What discovery is, how to conduct it, how to force the other side to respond. For many more resources, become a member.
How do you conduct discovery that helps you when you’re being sued for debt? This video explains some of the first things you need to do to start the discovery process.
Requests for admissions are a major threat to pro se defendants. What are they and how do you go about denying a debt collector’s requests for admissions? What’s the difference between “objecting” and “denying?” If you are facing requests for admissions, this will be very helpful.
Depositions don’t happen very often in debt cases, but they do sometimes. If you receive a “notice of deposition,” what do you do and how do you prepare? This video shows you how.
This is the second part of the tips videos on preparing for deposition. Members get a lot more, but this should help you get started in a good way.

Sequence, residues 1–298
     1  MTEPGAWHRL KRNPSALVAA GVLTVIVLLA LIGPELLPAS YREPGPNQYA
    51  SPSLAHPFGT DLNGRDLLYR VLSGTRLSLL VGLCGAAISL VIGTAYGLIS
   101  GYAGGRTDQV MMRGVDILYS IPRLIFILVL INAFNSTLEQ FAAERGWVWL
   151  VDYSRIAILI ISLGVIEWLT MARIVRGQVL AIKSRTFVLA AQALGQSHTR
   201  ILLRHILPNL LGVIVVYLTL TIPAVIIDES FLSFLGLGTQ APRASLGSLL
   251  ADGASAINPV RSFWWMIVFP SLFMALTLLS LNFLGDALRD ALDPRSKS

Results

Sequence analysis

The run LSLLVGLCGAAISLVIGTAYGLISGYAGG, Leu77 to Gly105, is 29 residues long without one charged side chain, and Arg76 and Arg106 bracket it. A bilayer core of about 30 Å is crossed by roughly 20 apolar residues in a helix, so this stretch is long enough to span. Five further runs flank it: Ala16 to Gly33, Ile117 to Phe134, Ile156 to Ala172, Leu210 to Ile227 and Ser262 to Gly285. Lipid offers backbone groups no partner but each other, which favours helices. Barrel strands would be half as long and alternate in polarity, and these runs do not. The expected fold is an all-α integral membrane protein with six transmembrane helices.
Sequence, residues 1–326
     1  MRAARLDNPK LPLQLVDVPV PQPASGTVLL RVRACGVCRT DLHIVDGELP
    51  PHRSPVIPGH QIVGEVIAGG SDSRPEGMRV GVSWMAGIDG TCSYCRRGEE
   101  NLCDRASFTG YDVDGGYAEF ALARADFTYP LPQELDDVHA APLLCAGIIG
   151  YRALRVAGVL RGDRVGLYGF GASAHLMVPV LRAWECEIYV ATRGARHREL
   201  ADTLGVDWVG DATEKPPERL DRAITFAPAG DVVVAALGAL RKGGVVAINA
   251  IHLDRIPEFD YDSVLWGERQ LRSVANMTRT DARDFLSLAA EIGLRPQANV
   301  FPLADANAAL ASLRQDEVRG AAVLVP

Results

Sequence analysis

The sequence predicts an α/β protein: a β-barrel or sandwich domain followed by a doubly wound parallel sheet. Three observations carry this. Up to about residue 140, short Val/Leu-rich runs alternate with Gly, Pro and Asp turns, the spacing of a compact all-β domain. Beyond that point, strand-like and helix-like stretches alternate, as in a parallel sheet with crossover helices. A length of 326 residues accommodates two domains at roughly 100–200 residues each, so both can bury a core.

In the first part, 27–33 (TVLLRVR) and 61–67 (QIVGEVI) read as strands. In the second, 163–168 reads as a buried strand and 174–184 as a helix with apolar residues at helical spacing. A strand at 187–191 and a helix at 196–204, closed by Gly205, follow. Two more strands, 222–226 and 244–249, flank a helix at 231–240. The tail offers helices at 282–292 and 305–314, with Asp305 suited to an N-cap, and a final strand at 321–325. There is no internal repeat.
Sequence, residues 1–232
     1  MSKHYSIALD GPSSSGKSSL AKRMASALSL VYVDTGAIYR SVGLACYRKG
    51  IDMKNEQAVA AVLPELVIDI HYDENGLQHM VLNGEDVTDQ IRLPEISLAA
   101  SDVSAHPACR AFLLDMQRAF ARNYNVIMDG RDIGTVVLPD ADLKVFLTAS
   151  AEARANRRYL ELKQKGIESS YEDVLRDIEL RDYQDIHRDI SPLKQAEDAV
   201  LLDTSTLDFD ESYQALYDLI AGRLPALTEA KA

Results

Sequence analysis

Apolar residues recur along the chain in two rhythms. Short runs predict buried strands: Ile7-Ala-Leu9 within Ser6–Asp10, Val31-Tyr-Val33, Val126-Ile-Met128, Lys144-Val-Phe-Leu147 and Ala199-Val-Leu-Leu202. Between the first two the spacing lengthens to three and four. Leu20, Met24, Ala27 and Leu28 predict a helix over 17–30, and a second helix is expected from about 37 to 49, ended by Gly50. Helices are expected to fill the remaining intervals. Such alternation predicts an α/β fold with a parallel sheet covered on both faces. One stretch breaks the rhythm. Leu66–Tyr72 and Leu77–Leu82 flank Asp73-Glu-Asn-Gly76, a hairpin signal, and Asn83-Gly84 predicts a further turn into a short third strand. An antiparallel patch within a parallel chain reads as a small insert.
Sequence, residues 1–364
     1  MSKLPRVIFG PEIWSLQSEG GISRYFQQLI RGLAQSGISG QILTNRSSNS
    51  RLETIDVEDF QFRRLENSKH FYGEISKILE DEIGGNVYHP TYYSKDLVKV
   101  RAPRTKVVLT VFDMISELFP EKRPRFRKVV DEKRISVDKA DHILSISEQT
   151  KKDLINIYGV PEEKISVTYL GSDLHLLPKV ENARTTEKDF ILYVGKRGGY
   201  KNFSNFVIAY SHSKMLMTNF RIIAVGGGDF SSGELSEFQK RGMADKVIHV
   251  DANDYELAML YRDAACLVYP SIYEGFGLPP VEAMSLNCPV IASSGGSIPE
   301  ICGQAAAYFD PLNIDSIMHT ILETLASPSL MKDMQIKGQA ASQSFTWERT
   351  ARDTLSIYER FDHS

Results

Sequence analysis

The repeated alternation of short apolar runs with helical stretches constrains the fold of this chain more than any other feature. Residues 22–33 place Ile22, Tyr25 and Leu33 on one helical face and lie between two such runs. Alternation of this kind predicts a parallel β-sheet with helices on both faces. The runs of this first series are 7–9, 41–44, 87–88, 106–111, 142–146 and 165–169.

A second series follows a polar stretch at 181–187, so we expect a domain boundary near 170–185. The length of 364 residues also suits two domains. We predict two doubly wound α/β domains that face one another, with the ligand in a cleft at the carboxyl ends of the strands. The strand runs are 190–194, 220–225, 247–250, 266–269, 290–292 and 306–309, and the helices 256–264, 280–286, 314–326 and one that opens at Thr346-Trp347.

In the law, it’s usually “push or be pushed,” and this video is about you making sure you’re the one who is pushing in your case. If you do, the debt collector might just give up – or might not conduct the discovery it needs to do. Either way, conducting discovery is important, and the earlier the better.
What happens when you go to all the trouble of writing and serving discovery on the debt collector? Most of the time they try to “stonewall” you by refusing to answer any of the questions at all. What do you do to keep things on track and keep them from doing that to you? This video talks about how you make them cough up the information you need to beat them.
In some jurisdictions the parties are required to give each other certain information. If you’re in one of those jurisdictions, that’s a huge advantage for you – you’ll probably get everything you need to win. This video tells you what to expect and how to use what you get.